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D2.2: Set of use cases and scenarios

Case n° 1: The Ouvaton Case  Title:
 Case n° 3: Pessers vs. Lycos in the Netherlands


Case n° 2: R.I.A.A. (Recording Industry Association of America) vs. Verizon & others.

The facts in the Verizon case are simple: the R.I.A.A., an organisation representing the music recording industry of America, tries to find and locate people that illegally upload copyrighted music files by using peer-to-peer networks. They access the per-to-peer networks and look for IP numbers from which copyrighted works are uploaded in the form of mp3 files. They do this in fact  to obtain civil damages and compensation.

So, the R.I.A.A. can only do this by identifying the IP-numbers of the computers from which the music is illegally uploaded. The R.I.A.A. then contacts the ISP’s and requests for the names and addresses of the physical persons that are behind those IP-numbers (the customers of the ISP’s). This gives rise to discussion about privacy, data protection and anonymity on the internet, especially in the case of peer-2-peer networks.  

A landmark case in this “war against copy” was R.I.A.A. vs. Verizon. In a first judgment in January 2003, the judge decided that Verizon was obliged to give to the R.I.A.A. the names of some subscribers who were accused of having infringed copyright law by uploading music through peer-2-peer networks. This created a storm of protest. This decision was however overruled by the Court of Appeal of Washington in December 2003, deciding that providers could only be obliged to give the identity of the alleged subscribers to the R.I.A.A. in the case of hosting, not in the case of mere conduit (peer-2-peer).

There are many cases like the above mentioned: Judges sometimes decided that the names of customers must be handed over, while in other cases they ruled that the identities of their subscribers should not be given. Since December 2003, R.I.A.A. filed more than 7000 lawsuits against anonymous persons for infringement of copyright law through online file sharing. An important consequence of these differences is that it leads to legal uncertainty.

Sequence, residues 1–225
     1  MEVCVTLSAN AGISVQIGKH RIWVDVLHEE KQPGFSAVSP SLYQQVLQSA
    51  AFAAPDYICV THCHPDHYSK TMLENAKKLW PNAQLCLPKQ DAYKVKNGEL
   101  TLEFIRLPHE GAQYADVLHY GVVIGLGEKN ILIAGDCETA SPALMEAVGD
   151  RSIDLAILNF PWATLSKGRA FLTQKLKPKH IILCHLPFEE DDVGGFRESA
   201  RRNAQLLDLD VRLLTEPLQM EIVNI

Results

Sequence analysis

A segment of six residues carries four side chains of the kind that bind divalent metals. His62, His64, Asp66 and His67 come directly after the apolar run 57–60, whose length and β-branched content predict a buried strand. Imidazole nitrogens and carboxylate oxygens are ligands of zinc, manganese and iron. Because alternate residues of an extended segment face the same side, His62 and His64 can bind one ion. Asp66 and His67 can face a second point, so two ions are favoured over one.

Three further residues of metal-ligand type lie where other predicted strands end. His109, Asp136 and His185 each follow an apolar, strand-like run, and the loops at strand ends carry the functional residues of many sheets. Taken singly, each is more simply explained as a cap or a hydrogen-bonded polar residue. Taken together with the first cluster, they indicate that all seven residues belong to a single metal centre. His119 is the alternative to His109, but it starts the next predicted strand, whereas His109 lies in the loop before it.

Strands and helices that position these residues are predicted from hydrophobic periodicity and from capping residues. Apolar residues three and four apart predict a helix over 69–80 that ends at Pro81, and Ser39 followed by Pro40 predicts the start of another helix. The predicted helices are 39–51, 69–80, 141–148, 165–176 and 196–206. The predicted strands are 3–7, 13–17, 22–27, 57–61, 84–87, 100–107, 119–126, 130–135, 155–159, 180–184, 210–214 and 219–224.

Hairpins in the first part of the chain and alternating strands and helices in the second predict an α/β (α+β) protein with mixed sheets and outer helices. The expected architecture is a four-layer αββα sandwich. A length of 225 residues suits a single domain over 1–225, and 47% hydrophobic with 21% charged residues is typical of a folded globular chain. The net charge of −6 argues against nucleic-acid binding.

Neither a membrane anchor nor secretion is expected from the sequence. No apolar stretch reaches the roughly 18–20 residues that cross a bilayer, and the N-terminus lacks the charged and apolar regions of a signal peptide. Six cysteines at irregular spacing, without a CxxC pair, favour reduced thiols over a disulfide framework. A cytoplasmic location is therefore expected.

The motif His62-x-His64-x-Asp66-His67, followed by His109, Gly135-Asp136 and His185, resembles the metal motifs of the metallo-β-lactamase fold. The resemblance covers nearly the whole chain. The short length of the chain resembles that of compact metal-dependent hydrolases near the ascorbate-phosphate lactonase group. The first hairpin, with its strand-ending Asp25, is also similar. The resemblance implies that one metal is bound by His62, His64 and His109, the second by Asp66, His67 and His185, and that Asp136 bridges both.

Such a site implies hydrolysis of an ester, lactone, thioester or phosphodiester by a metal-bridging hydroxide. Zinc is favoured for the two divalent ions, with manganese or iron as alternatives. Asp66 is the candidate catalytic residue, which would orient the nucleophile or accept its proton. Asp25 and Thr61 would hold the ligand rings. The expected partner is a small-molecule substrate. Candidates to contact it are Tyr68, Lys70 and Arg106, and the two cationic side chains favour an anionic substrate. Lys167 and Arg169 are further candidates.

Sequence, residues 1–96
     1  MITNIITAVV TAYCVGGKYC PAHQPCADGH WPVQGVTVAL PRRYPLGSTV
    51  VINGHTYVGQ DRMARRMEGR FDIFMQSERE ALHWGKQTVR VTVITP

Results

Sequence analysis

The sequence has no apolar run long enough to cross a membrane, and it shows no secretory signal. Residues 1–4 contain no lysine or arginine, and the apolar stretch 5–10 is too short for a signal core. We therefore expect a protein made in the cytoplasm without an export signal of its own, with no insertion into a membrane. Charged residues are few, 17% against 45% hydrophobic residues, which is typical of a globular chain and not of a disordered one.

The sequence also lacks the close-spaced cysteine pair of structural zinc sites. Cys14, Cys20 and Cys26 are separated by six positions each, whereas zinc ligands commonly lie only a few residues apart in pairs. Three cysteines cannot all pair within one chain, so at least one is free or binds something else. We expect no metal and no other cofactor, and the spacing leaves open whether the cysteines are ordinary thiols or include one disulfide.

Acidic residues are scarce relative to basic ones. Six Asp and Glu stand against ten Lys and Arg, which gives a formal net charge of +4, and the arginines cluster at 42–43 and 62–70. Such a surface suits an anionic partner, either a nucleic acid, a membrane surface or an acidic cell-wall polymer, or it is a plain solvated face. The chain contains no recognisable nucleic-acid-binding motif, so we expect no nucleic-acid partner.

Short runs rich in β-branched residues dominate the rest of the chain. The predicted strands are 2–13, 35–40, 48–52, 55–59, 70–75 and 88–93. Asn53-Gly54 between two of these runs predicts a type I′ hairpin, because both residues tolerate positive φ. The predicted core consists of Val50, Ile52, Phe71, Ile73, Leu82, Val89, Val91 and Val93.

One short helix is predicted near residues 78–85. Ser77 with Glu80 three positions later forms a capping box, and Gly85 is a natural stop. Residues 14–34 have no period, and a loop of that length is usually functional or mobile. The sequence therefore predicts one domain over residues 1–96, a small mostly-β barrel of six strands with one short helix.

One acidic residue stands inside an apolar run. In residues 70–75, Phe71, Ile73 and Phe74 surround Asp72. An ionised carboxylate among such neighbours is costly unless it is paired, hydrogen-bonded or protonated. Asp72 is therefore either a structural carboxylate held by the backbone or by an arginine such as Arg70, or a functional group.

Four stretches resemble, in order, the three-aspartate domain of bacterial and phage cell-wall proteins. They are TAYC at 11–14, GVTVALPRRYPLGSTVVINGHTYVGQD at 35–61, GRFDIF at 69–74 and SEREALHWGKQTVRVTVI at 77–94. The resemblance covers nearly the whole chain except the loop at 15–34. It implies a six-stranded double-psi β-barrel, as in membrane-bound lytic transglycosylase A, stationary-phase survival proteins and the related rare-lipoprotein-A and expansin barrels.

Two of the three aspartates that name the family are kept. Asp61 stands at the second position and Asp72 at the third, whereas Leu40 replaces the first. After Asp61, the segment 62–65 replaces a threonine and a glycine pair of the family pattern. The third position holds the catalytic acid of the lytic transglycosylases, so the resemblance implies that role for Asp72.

These cases, however, raise some other interesting questions, such as: does the R.I.A.A. have the right to search on my PC for illegal content and illegal activities (whereas the Ouvaton case was about (illegal) information on a public website ; are software programs and websites which reveal IP-numbers legal, even if they don’t reveal the physical persons which are behind those IP’s (whereas the Ouvaton case was based on know Ip-numbers, you need some special software to find the IP-numbers behind peer-2-peer databases; and, do the ISP providers have the right to provide my identity (this is the same question as in the Ouvaton case)?  

We can have an intermediate conclusion after these two cases: Firstly, ISP’s can provide personal data like IP numbers of their customers only upon a court order in a criminal matter. Secondly, there is legal uncertainty whether yes or no your personal data can be provided to a third party because the judgements can differ from each other.  

Now one could tackle the problems of providing (parts of) identities to third parties (by ISP’s) without the consent of the person-to-identify by putting in the general terms and conditions of the ISP’s that the names and addresses of the customers can be handed over to third parties if there is to the opinion of the ISP a reasonable indication of illegal activity. According to the law: Yes. But should this be reasonable? Should there be no data protection law or consumer protection law that prohibits these terms and conditions?  



Case n° 1: The Ouvaton Case  fidis-wp2-del2.2.Cases_stories_and_Scenario_04.sxw  Case n° 3: Pessers vs. Lycos in the Netherlands
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